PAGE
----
Recapping CCAC – Future of Barnes Lumber Property

I’m going to update this later today, but wanted to publish a draft for those interested in last night’s conversation. It was, in my opinion, a great conversation and dialogue. Great input from the public and the CCAC. There was a lot of information covered last night – from possible timelines, challenges with developing such a large parcel in such a relatively small town, possible businesses that could go in, probable residential components, zoning … a lot. Much of that was captured by @Tim_Dodson and @CvilleKim (and @RealCrozetVA) on Twitter and quite a few not at the meeting few engaged on Twitter as well. Grab a cup of coffee and digest the tweets – and then … ask questions.

Update: Charlottesville Tomorrow has a great story about last night’s meeting.

– For those curious, the hashtag #CCAC1213 was used to track the conversation on Twitter.

A few of the best questions/topics that were addressed and I’ll address in the update, but ultimately, this was a conversation about the former Barnes property and the future of Crozet:

– (Frank) Stoner: what’s the unique value proposition to bring people downtown? #CCAC1213
What are some towns that are what you’d like Crozet to be? #CCAC1213
#CCAC1213 today the challenge for developers is that the infrastructure requirements take up so much of the costs
Stoner: challenge of replicating old town feel is the execution #CCAC1213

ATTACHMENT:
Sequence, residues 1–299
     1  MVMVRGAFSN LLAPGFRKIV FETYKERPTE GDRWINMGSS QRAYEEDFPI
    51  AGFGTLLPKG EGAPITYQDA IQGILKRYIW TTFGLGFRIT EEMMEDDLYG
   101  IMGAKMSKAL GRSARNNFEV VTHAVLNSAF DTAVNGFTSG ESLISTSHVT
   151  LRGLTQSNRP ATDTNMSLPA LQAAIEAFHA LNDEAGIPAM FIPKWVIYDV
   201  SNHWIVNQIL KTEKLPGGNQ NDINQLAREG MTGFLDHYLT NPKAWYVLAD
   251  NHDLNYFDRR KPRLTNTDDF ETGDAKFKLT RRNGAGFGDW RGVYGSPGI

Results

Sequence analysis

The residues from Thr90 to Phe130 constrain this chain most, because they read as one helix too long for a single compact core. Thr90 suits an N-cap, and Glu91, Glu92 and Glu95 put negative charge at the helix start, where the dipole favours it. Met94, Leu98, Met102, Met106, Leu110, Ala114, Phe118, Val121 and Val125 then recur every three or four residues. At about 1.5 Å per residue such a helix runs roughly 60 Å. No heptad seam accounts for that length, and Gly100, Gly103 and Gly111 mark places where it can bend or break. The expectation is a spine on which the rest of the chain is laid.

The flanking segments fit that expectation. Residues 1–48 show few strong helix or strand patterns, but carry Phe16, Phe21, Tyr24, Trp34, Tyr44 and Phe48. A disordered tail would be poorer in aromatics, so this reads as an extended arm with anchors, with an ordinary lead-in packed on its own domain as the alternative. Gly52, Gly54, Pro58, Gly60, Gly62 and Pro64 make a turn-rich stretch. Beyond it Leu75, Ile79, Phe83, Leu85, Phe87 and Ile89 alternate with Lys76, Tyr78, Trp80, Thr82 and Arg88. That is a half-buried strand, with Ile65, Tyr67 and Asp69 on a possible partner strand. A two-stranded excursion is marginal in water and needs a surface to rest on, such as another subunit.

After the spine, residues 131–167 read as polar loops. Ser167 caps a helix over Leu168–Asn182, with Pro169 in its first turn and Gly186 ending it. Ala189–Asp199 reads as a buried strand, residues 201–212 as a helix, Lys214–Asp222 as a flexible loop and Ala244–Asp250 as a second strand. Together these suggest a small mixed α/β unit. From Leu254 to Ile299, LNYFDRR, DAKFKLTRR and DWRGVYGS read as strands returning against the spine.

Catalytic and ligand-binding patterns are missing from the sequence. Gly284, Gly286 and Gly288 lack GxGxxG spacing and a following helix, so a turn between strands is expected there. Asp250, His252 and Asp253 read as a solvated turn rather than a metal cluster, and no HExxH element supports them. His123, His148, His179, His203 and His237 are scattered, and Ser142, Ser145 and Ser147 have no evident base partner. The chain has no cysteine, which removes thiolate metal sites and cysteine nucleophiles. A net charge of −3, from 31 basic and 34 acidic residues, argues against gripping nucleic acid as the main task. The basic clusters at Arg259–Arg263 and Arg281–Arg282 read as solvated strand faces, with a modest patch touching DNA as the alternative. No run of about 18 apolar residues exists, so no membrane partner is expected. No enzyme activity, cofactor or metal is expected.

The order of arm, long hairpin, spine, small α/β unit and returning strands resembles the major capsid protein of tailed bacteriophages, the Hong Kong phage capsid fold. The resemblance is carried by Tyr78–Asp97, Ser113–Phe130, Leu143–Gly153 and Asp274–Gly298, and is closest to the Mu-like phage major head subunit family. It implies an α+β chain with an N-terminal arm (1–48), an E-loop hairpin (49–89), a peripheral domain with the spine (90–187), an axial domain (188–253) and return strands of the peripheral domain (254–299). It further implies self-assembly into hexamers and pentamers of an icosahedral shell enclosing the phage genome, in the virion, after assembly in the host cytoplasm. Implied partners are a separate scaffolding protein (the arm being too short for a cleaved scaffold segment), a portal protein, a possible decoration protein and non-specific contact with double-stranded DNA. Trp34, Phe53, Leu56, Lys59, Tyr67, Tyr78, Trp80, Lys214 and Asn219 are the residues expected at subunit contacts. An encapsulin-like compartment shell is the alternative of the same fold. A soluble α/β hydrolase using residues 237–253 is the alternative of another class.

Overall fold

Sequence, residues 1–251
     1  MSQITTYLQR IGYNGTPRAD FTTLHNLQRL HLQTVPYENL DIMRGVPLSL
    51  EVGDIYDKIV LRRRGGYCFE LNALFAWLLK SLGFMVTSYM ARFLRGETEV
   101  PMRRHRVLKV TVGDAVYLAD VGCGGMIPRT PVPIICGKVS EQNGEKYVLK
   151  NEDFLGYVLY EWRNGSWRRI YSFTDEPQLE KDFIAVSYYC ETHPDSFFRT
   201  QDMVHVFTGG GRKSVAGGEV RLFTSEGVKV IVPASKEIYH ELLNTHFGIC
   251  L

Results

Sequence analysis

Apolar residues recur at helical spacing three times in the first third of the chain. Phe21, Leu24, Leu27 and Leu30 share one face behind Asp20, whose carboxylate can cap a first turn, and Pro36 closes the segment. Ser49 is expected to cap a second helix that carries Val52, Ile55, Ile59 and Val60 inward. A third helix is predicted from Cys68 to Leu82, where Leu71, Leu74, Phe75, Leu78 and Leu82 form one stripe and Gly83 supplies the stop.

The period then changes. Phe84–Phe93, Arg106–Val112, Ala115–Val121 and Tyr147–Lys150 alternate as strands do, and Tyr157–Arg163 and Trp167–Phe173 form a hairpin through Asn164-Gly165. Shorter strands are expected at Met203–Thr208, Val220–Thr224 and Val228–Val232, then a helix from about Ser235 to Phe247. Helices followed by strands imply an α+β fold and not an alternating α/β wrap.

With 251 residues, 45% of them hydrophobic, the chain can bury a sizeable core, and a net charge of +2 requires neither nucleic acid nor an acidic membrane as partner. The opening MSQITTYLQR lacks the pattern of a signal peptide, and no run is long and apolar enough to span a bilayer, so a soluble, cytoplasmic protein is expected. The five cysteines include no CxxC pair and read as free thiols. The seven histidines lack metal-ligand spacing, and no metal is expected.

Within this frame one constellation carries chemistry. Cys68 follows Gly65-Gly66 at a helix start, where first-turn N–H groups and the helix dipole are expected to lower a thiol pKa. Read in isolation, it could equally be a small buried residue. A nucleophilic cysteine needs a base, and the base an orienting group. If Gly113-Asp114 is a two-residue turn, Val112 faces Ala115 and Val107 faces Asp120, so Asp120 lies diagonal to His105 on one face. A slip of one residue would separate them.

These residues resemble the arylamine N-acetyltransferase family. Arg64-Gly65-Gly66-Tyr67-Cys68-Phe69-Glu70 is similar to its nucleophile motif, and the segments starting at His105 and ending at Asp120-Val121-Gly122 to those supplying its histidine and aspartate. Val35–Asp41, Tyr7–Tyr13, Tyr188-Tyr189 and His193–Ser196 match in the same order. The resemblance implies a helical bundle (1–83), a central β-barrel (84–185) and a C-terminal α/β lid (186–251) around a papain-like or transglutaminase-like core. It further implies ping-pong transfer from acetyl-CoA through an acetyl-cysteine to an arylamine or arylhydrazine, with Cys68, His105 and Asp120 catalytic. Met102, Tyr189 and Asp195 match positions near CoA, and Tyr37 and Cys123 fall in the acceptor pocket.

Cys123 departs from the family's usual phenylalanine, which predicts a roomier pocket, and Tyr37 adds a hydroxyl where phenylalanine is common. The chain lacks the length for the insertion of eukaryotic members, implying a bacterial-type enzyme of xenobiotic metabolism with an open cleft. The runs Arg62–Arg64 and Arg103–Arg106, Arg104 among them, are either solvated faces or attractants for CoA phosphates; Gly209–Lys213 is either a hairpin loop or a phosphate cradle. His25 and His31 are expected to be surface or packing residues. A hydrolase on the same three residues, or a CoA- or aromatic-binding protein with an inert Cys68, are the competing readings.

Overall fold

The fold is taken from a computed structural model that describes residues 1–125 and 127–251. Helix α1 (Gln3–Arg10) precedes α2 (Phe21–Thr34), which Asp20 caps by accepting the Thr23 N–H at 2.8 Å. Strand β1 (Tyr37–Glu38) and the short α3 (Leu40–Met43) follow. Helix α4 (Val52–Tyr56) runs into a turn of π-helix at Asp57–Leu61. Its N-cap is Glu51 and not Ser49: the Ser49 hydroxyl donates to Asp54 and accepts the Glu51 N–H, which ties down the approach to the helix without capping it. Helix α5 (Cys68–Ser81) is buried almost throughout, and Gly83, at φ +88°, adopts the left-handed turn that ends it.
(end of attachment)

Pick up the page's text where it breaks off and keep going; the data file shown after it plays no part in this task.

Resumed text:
Print Friendly, PDF & Email

2 Replies to “Recapping CCAC – Future of Barnes Lumber Property”

  1. One reason I mentioned smaller, denser housing is twofold; if singles or couples who like apartment living as opposed to detached houses, their only choice is Cville. Singles who can live independently here will begin to make the town their own, and stay if they begin families. As it is, how many WAHS graduates live and work here after graduation? How many move away to begin careers and only move back after the y can afford to? I understand the appeal of the quick payoff that comes from the sale of several 300K plus single family houses, but in the end you’re only aging out the local population?

    Also, apartment dwellers are more likely to use the “town square” as their living room, so to speak, after hours, with others, that’s what gives vibrancy to a town center. Look how many folks hang out a Fardowners from 5-PM until closing. there is a demand for a little more to do after hours here, it can be met incrementally.

    Last, if it wasn’t apparent enough, the preference of quick sale residential development is that it fluctuates with the market, have we forgotten the hits to taxes the county took with the downturn in housing? Crozet and Albemarle need to actively recruit small non-retail businesses into the area for both long term long employment and to diversify the revenue gained from a (perceived) near solely property tax based stream.

  2. Who in Crozet is actually worried about competing with Old Trail? I would
    wager that the average person does not care. The small town feel does
    not come from heavy equipment building something. Until Crozet incorporates and becomes a town it is not competing with anybody nor
    should it have the urban trappings of a town. Low income, affordable
    housing should be required long before any apartment blocks are allowed
    to be built. Non retail jobs will not arrive until the BOS starts taking an
    active interest in the area and stops the unelected from pushing industry
    away. And, quite a few WAHS graduates still live here with their parents
    due to lack of decent paying jobs. What I have read described here is not
    Crozet or anything close to it. It is an effort to create something that existed for them somewhere else. That is all they know and are lost without it. And please, “Town Center”, where?

Something to say?